IMF cuts Nigeria’s growth projection, says economy doing poorly

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The International Monetary Fund, IMF, has reduced the growth projections made for Nigeria to 1.9 per cent from 2.1 per cent, pointing out that the country’s economy is performing poorly.

Deputy director at IMF’s research department, Gian Maria Milesi-Ferretti,  made this known Tuesday while addressing journalists at the ongoing annual meetings of the IMF and World Bank Group in Bali, Indonesia.

He said  the aggregate growth rate of Africa is being held down by its three largest economies being: Nigeria, South Africa and Angola.

Milesi-Ferretti said, “The aggregate growth rate for the continent is held down by the fact that the three largest economies are not performing up to their full potential.

“Nigeria’s growth, 1.9 per cent this year; 2.3 next year. South Africa, only 0.8 per cent this year. Angola, contracting by 0.1 per cent this year. So the aggregate — over three per cent this year, close to four per cent  next year — is despite the largest economies in the continent doing poorly.

“The continent could do much better once these economies are on a more solid footing, particularly South Africa and Nigeria because they are really large and affect a number of countries in their neighbourhood.”

IMF, had in its World Economic Outlook report released in July this year, projected that Nigeria’s economy would grow by 2.1 per cent in 2018 and 2.3 per cent in 2019.

In the October edition of the report, the Bretton Wood institution cut the growth projections for 2018 to 1.9 percent.

“In Nigeria and Angola, tighter monetary policy and moderation in food price increases contributed to tapering inflation. In Nigeria, inflation is projected to fall to 12.4 percent in 2018, from 16.5 percent in 2017, and to rise to 13.5 percent in 2019,” the report read.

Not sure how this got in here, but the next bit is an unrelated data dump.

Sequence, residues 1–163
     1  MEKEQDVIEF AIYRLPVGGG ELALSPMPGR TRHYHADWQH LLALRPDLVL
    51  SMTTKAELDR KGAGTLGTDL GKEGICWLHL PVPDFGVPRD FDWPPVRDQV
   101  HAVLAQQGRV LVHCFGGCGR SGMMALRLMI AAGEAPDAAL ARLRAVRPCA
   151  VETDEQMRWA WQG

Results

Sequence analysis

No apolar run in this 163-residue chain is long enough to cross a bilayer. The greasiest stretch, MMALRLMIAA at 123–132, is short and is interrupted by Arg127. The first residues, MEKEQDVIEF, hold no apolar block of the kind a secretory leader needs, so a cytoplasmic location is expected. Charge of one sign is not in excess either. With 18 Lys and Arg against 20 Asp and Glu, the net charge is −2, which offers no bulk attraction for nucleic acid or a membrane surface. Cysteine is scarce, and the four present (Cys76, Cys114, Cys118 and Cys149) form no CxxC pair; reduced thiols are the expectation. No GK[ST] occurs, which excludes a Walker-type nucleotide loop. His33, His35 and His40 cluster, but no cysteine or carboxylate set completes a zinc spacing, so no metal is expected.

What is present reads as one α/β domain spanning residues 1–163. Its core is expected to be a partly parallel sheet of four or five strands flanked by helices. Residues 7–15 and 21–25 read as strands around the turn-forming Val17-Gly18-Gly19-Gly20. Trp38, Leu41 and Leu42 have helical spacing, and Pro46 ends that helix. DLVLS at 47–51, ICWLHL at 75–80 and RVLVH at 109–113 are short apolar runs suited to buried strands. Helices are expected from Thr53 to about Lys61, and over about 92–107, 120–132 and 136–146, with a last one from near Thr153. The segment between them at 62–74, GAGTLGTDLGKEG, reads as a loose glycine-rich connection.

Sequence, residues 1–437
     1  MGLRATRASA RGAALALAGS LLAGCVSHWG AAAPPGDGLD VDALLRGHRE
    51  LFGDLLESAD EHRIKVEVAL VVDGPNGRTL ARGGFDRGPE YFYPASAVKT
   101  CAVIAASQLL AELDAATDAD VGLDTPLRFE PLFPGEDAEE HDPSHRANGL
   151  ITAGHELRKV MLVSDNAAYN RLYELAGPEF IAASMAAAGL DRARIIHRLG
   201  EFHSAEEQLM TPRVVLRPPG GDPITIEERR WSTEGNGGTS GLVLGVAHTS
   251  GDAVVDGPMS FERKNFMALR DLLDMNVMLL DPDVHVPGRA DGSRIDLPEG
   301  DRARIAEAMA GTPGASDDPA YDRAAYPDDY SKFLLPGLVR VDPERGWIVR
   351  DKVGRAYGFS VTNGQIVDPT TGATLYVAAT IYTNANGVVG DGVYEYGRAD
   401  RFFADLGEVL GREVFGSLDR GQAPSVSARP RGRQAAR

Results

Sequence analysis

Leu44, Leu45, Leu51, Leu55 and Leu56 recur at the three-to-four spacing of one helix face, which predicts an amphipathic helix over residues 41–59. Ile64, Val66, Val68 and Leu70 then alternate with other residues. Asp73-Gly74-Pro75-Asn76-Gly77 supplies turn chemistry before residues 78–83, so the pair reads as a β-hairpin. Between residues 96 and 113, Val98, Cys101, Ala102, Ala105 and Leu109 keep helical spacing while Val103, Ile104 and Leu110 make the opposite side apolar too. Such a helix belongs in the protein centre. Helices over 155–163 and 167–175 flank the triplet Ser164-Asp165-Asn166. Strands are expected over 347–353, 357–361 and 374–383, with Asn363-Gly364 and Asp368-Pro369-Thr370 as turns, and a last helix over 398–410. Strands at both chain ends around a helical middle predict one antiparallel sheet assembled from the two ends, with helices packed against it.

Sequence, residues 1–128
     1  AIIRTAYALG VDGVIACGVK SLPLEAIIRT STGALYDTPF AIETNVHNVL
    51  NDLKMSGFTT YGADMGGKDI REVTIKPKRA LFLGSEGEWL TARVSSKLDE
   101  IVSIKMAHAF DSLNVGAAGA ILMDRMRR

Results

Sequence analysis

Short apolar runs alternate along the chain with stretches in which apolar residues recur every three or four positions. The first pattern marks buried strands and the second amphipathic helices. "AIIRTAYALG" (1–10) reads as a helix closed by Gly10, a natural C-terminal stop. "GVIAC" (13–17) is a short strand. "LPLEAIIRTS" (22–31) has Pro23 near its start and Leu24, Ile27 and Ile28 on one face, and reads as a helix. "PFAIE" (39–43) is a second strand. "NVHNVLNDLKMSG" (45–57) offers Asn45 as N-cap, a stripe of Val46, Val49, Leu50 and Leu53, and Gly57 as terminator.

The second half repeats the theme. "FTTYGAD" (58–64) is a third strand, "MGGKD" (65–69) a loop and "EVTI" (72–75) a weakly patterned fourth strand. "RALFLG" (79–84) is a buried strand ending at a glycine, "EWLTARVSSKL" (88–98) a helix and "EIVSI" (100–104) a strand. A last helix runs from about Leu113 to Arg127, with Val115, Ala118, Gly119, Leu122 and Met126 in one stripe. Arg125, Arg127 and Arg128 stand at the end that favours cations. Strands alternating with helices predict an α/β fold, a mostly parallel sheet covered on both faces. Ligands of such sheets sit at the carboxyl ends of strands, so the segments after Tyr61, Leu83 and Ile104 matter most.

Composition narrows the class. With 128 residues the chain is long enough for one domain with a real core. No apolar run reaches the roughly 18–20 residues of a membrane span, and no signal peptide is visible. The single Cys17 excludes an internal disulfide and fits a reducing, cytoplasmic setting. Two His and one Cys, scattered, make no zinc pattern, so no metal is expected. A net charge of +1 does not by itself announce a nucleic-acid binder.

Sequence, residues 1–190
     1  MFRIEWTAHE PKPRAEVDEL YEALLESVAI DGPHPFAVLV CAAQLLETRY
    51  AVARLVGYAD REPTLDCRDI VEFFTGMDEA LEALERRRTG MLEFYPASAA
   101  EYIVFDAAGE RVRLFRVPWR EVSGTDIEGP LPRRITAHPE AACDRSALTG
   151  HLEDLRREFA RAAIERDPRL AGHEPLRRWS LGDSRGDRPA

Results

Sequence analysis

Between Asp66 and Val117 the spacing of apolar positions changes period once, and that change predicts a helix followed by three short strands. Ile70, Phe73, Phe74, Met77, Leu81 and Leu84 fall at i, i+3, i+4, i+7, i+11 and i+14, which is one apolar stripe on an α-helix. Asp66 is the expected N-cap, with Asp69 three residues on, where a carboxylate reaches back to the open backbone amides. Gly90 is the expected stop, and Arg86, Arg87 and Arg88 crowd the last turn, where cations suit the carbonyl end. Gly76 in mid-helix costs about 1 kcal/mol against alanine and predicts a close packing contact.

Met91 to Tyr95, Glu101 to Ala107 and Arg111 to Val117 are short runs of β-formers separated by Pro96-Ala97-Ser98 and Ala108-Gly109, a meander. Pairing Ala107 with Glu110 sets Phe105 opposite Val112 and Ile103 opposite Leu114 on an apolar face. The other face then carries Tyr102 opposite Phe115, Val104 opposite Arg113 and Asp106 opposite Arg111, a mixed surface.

Similarly, the World Bank recently slashed its growth projections for Nigeria  by 0.2 per cent, citing reduction in oil production levels, and contraction in the agricultural sector, following the herder-farmer crisis.

Also speaking at a press briefing on the World Economic Outlook, WEO, in Bali, Indonesia, yesterday, the IMF Economic Counsellor and Director of Research Department, Mr. Maurice Obstfeld said the Fund has cut global growth projection to 3.7 per cent for this year and next year.

The new projection is a marginal reduction of the 3.9 per cent projection of last April’s World Economic Outlook report.

Obstfeld said, “The latest World Economic Outlook report projects that global growth will remain steady over this year and next, at last rate of 3.7 percent.  

“This growth exceeds that achieved in any of the years between 2012 and 2016, and it occurs as many economies have reached or are nearing full employment and as earlier deflation fears have dissipated.

“Thus, policy makers still have an excellent opportunity to build resilience and implement growth-enhancing reforms.

“Last April, at the time of our last World Economic Outlook, the world economy broad-based momentum led us to project a 3.9 per cent growth rate for both this year and next.

“Considering developments since then, however, that number now appears overoptimistic.  Rather than rising, growth has plateaued at 3,7 per cent.”

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